DNA degradation at unprotected telomeres in yeast is regulated by the CDK1 (Cdc28/Clb) cell-cycle kinase.

In the absence of functional telomeric cap protection, the ends of eukaryotic chromosomes are subject to DNA damage responses that lead to cell-cycle arrest and, eventually, genomic instability. However, the controlling activities responsible for the initiation of genome instability on unprotected telomeres remained unclear. Here we show that in budding ...
yeast, unprotected telomeres undergo a tightly cell-cycle-regulated DNA degradation. Ablation of the function of essential capping proteins Cdc13p or Stn1p only caused telomere degradation in G2/M, but not in G1 of the cell cycle. Accordingly, G1-arrested cells with unprotected telomeres remained viable, while G2/M-arrested cells failed to recover. The data also show that completion of S phase and the activity of the S-Cdk1 kinase were required for telomere degradation. These results strongly suggest that after a loss of the telomere capping function, telomere-led genome instability is caused by tightly regulated cellular DNA repair attempts.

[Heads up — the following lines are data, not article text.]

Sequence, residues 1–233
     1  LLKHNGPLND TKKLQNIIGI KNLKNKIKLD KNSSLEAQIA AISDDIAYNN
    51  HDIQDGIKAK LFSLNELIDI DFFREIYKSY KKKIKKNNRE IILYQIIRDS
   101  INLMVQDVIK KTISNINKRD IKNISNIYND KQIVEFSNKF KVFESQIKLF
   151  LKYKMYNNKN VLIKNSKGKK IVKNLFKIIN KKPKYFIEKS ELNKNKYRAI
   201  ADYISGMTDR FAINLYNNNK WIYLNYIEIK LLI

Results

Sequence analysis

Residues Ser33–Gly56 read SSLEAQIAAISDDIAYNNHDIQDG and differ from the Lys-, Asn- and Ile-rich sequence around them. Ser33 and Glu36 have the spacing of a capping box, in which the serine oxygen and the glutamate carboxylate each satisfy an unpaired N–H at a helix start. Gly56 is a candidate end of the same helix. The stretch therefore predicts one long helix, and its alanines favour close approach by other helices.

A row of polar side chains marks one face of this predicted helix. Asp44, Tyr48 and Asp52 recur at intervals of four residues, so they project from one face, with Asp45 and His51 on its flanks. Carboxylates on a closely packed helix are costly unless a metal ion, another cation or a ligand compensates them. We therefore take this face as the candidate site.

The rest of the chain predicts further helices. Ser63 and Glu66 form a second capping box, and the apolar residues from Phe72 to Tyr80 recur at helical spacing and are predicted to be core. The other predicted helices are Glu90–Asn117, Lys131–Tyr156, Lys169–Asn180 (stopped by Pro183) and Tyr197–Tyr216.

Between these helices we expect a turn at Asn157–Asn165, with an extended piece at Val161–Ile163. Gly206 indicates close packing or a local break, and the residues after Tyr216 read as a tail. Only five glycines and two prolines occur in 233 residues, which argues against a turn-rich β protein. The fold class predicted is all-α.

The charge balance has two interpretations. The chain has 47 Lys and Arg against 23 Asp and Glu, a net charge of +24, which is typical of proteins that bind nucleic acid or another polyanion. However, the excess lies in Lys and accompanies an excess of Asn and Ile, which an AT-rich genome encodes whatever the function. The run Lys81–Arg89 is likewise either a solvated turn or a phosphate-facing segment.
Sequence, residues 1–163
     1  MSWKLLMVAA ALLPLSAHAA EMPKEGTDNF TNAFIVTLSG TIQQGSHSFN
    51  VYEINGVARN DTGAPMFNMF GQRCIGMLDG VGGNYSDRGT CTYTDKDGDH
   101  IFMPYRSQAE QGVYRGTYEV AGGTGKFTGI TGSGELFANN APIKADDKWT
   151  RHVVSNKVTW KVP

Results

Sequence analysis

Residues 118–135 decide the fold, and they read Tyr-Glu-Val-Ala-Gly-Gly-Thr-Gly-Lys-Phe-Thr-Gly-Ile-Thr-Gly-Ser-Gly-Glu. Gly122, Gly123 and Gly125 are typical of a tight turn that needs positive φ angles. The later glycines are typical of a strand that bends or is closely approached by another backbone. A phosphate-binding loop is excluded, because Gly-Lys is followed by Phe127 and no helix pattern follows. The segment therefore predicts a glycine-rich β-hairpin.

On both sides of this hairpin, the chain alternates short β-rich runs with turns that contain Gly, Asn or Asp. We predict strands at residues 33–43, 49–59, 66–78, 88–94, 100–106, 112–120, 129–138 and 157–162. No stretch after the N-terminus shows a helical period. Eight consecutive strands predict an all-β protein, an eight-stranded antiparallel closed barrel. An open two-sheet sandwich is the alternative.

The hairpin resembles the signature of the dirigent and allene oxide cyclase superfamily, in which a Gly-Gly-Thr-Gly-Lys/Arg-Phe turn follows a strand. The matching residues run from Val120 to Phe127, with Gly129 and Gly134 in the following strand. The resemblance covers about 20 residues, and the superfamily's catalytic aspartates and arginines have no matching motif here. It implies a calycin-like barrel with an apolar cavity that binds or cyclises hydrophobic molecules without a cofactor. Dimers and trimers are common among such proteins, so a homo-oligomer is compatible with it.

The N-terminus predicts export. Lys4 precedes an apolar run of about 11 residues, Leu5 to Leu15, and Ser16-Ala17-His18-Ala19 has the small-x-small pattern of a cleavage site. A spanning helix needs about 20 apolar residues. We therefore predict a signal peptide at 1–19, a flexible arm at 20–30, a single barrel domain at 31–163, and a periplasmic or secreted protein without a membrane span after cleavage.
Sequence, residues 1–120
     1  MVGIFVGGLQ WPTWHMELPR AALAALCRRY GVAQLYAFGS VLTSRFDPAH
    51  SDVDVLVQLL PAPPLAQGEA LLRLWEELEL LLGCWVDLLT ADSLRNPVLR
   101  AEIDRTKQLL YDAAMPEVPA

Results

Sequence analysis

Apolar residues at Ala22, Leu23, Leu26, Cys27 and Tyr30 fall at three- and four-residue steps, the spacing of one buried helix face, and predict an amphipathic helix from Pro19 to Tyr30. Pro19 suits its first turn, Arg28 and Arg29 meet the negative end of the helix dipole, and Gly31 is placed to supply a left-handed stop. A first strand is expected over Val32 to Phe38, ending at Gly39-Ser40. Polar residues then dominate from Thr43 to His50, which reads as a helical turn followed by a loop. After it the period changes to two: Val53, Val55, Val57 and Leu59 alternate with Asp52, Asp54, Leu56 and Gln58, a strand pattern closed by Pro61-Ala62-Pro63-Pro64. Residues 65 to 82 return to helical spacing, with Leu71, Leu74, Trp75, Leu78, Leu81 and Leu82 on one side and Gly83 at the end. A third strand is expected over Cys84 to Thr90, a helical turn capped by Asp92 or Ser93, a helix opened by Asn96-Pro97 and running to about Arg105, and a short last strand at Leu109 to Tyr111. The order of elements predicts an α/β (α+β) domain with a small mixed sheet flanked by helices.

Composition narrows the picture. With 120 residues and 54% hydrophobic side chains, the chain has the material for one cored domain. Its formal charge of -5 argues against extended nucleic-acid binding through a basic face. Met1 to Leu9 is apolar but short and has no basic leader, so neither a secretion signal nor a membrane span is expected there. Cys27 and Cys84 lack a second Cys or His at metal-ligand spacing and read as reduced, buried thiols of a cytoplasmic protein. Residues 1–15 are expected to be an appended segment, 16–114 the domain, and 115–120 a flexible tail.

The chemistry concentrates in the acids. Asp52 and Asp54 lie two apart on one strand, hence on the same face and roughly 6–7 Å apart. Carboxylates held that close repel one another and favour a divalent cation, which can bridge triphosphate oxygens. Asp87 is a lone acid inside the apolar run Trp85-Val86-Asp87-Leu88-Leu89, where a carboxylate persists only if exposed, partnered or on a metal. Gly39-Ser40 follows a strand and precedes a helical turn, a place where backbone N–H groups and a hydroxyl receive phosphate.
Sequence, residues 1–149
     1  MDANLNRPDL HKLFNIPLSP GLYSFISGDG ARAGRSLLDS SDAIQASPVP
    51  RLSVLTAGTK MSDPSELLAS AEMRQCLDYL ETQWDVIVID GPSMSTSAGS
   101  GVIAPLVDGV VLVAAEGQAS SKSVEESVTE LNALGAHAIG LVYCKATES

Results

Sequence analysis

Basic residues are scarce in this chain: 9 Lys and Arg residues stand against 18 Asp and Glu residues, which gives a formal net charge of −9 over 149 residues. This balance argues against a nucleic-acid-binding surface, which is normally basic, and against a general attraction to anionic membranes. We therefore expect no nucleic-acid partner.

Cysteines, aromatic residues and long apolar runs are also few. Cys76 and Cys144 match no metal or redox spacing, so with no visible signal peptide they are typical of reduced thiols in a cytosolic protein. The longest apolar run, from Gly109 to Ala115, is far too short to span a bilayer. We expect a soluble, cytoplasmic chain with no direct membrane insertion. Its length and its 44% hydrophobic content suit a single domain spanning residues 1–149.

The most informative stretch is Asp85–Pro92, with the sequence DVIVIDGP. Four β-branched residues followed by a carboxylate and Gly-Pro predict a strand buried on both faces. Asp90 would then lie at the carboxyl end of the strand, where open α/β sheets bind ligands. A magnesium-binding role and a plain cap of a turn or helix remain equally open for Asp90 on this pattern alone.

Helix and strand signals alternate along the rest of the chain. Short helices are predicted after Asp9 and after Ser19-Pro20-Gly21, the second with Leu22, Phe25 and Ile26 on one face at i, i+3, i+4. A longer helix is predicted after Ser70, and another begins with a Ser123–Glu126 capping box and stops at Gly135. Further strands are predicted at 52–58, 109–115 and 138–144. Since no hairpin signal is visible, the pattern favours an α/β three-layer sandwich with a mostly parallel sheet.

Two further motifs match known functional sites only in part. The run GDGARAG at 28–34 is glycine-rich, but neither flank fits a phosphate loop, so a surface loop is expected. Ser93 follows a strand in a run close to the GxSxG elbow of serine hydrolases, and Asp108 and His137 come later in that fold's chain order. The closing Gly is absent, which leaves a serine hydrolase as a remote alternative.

Mesh Terms:
CDC28 Protein Kinase, S cerevisiae, Cell Cycle, Cell Cycle Proteins, DNA, DNA Damage, Genomic Instability, Saccharomyces cerevisiae, Saccharomyces cerevisiae Proteins, Telomere, Telomere-Binding Proteins
Mol. Cell
Date: Oct. 06, 2006
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